Seasons of Japan

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Japan enjoys four distinct seasons: winter, spring, summer, and autumn. The climate of Japan differs greatly from the cool weather in far north Hokkaido to the tropical weather of the southernmost island of Okinawa.


Winter (December to February)

Winter, or Fuyu (冬), is the coldest and driest season in Japan. New Years is the biggest winter holiday, and is one of Japan's three busiest travel seasons.

On the northern island of Hokkaido, winters are very harsh with subzero temperatures and plenty of snow. Hokkaido is located in the Sub-Arctic zone. Snowboarding, skiing, and other winter sports bring visitors from abroad and other parts of Japan. Every year, over 2 million people come to Hokkaido for the Sapporo Snow Festival.

On the island of Honshu, winter weather varies from snow in the north to a more mild winter in the south.

Like Honshu, Shikoku and Kyushu are located in the temperate zone and thus enjoy a relatively mild winter.

As the northernmost island, Okinawa has a tropical climate and thus enjoys a very mild winter. Many Japanese plan trips to Okinawa to escape the snow and cold in their areas.

Spring (March to May/June)

Japanese Spring, or Haru (春), is most famous for the blooming of sakura, or cherry blossoms. Hanami (花見 - literally "flower viewing") parties are an essential part of spring in most parts of Japan. Spring is the considered by most to be the best time to visit Japan, as the weather is comfortable - neither as cold as winter nor as humid as summer. One of Japan's busiest travel seasons Golden Week occurs in May.

On Hokkaido, the snows melt and flowers bloom. The unspoiled natural terrain across the island attracts hikers, bikers, and other outdoorspeople.

Cherry and other trees bloom across Honshu, Shikoku, and Kyushu as the weather warms up but stays pleasantly dry.

Many students travel to Okinama for Spring Break to enjoy its warm beaches.

Tsuyu or Baiu (May/June to June/July)

The Japanese rainy season known as Tsuyu or Baiu (梅雨 - literally "plum rain" because this season coincides with the blooming of the plum trees) begins in early summer. While it doesn't rain every day during this period, the rainfall is unpredictable and at time heavy enough to make this an unsuitable time to visit Japan. It is this season that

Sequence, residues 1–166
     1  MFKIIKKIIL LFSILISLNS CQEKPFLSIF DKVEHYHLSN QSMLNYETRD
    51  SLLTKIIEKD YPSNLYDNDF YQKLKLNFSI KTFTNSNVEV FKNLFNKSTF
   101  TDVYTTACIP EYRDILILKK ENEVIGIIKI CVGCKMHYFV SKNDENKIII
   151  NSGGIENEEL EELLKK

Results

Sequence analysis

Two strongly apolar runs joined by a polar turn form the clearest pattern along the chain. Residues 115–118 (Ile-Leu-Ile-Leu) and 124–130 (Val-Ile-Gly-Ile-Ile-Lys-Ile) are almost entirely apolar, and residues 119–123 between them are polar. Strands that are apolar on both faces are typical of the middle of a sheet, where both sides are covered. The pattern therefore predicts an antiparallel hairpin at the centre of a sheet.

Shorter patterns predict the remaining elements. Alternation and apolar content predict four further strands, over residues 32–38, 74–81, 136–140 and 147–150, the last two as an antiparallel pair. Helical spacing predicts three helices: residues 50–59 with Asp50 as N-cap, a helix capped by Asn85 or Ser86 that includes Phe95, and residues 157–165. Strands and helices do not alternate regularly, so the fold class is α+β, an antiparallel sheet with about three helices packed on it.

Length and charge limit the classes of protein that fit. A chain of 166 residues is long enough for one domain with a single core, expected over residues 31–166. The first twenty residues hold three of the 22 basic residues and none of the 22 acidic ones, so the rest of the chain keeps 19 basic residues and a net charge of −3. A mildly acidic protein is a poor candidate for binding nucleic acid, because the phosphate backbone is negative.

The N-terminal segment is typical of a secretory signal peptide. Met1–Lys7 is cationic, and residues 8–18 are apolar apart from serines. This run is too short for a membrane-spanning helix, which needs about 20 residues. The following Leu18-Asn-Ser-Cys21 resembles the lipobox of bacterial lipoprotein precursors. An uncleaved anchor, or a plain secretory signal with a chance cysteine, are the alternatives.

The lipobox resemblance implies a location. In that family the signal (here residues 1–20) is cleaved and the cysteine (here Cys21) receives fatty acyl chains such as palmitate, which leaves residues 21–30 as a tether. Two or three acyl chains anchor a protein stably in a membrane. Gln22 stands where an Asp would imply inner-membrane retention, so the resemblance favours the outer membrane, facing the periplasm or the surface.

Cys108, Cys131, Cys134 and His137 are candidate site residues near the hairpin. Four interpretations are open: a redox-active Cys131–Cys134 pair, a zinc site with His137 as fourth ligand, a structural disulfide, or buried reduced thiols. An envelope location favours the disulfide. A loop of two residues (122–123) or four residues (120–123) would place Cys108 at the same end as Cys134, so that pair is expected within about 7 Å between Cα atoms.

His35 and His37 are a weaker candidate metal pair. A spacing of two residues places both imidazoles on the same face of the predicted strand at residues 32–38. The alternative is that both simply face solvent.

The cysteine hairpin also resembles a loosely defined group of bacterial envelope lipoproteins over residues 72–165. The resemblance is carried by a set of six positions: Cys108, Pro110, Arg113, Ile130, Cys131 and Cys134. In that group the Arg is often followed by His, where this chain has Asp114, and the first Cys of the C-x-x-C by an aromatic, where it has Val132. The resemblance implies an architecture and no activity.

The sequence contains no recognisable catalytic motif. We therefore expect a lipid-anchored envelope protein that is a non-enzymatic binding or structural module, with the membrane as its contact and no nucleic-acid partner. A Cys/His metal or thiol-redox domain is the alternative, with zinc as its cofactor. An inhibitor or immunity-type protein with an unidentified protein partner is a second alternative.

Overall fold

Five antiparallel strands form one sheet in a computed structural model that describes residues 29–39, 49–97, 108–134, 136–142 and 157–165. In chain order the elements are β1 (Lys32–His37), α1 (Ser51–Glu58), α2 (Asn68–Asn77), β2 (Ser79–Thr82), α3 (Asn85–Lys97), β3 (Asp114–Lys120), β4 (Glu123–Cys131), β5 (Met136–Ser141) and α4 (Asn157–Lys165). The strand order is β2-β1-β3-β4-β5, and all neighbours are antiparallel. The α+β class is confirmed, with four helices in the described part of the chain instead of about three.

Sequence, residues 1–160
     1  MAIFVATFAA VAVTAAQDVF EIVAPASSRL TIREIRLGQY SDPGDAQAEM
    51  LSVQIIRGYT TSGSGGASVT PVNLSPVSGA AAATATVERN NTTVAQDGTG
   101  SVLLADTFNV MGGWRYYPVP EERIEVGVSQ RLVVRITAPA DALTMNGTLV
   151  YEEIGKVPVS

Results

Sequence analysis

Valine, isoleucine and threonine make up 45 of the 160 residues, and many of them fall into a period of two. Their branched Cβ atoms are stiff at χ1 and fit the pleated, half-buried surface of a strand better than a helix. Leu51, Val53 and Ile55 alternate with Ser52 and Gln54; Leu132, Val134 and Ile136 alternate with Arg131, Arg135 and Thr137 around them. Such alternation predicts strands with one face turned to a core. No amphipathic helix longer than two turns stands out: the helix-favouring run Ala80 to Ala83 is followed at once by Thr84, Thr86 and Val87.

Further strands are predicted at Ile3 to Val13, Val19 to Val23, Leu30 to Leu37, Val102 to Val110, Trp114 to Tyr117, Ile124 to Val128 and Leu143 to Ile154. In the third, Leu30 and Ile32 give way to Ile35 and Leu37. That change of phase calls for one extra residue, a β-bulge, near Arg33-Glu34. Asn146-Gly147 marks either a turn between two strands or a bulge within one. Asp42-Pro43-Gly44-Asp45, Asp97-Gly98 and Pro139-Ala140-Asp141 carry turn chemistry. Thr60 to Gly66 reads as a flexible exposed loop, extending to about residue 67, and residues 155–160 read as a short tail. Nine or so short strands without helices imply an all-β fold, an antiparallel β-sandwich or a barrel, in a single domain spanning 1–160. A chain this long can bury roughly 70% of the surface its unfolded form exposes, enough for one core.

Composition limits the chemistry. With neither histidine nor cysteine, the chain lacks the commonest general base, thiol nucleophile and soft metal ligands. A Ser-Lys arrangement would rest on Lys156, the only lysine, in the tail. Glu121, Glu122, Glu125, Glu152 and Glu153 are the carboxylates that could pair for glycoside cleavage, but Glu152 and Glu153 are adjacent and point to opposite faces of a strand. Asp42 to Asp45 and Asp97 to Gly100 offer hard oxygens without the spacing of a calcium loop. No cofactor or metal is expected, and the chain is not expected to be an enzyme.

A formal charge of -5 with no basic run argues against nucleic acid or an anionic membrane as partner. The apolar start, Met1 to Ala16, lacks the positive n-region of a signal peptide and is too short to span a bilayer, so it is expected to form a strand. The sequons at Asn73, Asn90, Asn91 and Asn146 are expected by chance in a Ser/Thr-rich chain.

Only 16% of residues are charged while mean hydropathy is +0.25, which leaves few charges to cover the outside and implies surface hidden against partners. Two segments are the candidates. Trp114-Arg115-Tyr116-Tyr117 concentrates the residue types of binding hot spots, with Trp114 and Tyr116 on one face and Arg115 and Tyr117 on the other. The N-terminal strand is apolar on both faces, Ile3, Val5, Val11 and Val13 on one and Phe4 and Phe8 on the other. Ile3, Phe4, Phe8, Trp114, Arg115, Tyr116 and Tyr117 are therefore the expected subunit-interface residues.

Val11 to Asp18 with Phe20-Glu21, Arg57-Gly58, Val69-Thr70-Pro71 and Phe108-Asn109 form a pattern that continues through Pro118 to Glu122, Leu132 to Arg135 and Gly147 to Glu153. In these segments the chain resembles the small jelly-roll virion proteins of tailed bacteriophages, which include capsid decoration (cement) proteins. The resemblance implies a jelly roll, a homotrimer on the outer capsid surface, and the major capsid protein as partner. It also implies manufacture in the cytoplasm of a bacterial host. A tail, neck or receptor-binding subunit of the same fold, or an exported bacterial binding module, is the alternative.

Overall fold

Tsuyu comes to Okinawa a month before the rest of Japan - beginning in early May and ending around mid-June.

On Honshu, Shikoku, and Kyushu, the rainy season begins in early June and continues through mid to late July.

As it's located in the Sub-Arctic zone, Hokkaido is nearly unaffected by tsuyu.

Summer (July to October)

Summer, or Natsu (夏), is the warmest and most humid of all seasons. The intensity of the humidity and heat varies greatly from north to south. Tropical Okinawa is the hottest and most humid of the islands in summer.

On the mostly subtropical islands of Honshu, Shikoku, and Kyushu, summer is characterized by uncomfortable heat and humidity.

Hokkaido summer is cooler and less humid than the rest of Japan. Many Japanese vacation in Hokkaido during the summer to escape the heat and humidity in their area.

August to October is Typhoon season in Japan.

Many Music festivals in Japan take place in summer - including Fuji Rock and Summer Sonic. There are also many local traditional festivals.

Obon week takes place in mid-August. This is a very busy travel time, so booking flights or hotels is more difficult.

Autumn (October to December)

Japan's autumn, or Aki (秋), is the season of koyo, or "colorful leaves". Koyo season begins in Hokkaido and moves slowly down to southern Japan. 70% of Japan is mountainous, which means that in fall the mountains are covered in colorful autumn trees. The weather across Japan cools and becomes more dry. The combination of cooler weather and picturesque scenery make autumn a popular time for visiting Japan.

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